“Such an innovative and far-sighted approach could become a beacon for the Commonwealth to help lead the world, and indeed the whole of nature, out of this appalling crisis of our own making.”

He added that the Cayman Islands’ “extraordinary financial expertise” could be a catalyst to support “urgently needed financing of environmental investment throughout the Commonwealth”.

The prince and duchess arrive at Pedro St. James Thursday evening, the final stop of their whirlwind tour of the Cayman Islands. – Photo: Taneos Ramsay

Prince’s words welcomed

Prince Charles’s comments came as music to the ears of environmental campaigners in Cayman. Sustainable Cayman held a rally at Smith Cove Thursday morning to coincide with the visit. The group said the aim was to thank Prince Charles for his support of environmental causes and draw attention to some of the issues locally, including the threat to coral reefs posed by the cruise pier project in George Town harbour and the threat of development at Barkers peninsula in West Bay.

Members of the group held signs at the beach Thursday, declaring “God save the green” and “We love our reefs.”

Linda Clark, in an emailed statement to the Compass on behalf of the group said, “It was extremely heartening to hear the Prince voice, on Cayman soil, the need for our leaders to take decisive action to protect the very sectors which bring economic revenue into the country.”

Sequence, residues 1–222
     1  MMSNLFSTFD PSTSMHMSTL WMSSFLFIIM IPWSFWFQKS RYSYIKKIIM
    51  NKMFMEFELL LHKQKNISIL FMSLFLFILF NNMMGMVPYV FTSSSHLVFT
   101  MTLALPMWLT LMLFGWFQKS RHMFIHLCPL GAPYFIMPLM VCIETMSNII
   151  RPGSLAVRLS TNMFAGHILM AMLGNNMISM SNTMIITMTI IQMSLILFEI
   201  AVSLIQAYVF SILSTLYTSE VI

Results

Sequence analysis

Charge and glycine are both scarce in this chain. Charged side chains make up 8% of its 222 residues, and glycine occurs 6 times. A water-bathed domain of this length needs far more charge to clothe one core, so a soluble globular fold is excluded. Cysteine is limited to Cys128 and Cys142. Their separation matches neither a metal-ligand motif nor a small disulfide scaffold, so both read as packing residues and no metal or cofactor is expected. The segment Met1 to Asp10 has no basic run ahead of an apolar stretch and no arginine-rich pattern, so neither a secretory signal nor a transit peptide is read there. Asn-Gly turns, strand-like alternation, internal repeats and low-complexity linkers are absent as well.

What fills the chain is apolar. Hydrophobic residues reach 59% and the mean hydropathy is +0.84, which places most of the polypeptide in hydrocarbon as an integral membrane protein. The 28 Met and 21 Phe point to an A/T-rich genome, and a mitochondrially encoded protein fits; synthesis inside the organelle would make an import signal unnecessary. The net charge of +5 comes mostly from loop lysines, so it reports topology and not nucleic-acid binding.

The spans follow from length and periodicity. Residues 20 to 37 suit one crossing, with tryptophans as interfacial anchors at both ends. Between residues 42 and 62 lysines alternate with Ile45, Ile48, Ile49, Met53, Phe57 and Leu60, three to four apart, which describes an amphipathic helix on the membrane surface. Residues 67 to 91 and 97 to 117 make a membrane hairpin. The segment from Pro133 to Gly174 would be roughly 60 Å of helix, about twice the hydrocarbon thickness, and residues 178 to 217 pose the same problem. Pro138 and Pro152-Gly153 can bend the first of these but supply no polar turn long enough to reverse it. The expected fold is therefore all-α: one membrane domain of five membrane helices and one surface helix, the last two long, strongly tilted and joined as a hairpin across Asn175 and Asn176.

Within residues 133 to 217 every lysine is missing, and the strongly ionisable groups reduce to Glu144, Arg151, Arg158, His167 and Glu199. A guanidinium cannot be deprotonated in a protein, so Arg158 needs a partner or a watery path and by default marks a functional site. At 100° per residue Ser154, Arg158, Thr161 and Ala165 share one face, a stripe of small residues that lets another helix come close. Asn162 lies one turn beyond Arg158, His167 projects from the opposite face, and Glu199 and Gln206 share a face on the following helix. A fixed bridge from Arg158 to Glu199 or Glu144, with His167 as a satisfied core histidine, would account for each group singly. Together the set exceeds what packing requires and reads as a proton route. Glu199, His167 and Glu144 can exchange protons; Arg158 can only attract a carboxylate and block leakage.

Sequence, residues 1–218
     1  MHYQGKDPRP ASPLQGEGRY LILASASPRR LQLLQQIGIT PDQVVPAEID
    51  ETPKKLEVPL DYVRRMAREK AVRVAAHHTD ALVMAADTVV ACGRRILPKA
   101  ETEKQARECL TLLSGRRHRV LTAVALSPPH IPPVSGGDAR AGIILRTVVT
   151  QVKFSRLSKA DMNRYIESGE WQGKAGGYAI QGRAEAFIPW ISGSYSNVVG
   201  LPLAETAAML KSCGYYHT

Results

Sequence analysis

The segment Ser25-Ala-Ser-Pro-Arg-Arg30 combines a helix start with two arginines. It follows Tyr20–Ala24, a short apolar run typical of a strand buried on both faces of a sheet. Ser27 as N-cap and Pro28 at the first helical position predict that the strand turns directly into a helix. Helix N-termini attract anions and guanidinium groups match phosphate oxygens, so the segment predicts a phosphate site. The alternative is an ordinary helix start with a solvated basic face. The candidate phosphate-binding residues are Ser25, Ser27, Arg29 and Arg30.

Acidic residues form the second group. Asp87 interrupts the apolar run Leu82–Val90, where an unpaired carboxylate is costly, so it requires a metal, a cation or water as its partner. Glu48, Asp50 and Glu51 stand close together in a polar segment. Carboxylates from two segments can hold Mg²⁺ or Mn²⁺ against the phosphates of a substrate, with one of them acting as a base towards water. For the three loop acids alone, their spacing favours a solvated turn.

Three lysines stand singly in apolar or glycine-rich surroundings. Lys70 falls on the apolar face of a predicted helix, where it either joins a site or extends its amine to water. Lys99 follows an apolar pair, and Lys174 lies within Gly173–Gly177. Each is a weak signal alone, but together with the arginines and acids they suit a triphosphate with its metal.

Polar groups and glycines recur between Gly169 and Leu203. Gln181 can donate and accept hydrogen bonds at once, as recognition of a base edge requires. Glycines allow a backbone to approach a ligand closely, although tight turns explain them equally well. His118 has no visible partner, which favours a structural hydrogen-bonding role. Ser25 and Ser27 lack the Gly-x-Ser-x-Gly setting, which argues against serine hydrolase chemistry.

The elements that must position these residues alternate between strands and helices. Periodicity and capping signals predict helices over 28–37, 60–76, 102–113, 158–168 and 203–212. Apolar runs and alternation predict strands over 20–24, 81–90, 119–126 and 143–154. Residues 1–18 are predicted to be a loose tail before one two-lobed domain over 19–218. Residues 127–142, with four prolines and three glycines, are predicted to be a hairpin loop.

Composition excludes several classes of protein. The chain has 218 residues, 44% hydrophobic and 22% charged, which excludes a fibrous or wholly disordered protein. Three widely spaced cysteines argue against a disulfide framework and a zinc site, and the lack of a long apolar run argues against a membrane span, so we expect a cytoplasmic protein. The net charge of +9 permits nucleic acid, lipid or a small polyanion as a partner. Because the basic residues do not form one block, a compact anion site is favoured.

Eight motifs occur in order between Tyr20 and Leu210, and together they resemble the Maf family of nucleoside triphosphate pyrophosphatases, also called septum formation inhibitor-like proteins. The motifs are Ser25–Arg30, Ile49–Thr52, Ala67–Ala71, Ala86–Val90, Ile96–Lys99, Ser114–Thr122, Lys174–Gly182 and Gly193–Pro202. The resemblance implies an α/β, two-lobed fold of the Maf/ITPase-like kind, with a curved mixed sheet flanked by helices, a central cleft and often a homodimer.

She also welcomed the announcement of a planned expansion to Cayman’s marine parks and said the Department of Environment should be supported financially to “fully implement effective marine protected areas rather than merely paper parks”.

She added, “By harnessing the Blue Economy, working with the environment rather than against it, and fully integrating the United Nations Sustainable Development goals into the strategic plans of both the public and private sector, Cayman could certainly honour the Prince’s aspiration of becoming a beacon for the Commonwealth to lead the world as true steward’s of our environment for current and future generations.”

With a final wave, Prince Charles takes his leave of the Cayman Islands as he boards a Royal Air Force jet at Owen Roberts International Airport Thursday night. – Photo: GIS

Marine Parks expansion

Gina Ebanks-Petrie, director of the Department of Environment, confirmed that the marine parks expansion, which follows widespread community consultation as well as years-long research and discussions between the department and its partners in the U.K.-based Darwin Initiative and Bangor University, had now been approved by Cabinet.

She said in an email, “A major enhancement of the marine parks system expansion is the increase of ‘no take’ zones – areas where individuals can no longer take marine life for any reason, in line with international best practice recommendations for marine protected areas. These ‘no take’ zones, including marine parks, environmental zones and wildlife interaction zones, will increase from a current national average of approximately 14% to 48% under the enhanced parks system.”

The marine parks expansion will also increase “no diving” areas, particularly on Little Cayman, where none now exist. A minimal increase to these areas on Grand Cayman and Cayman Brac is also called for under the enhanced parks.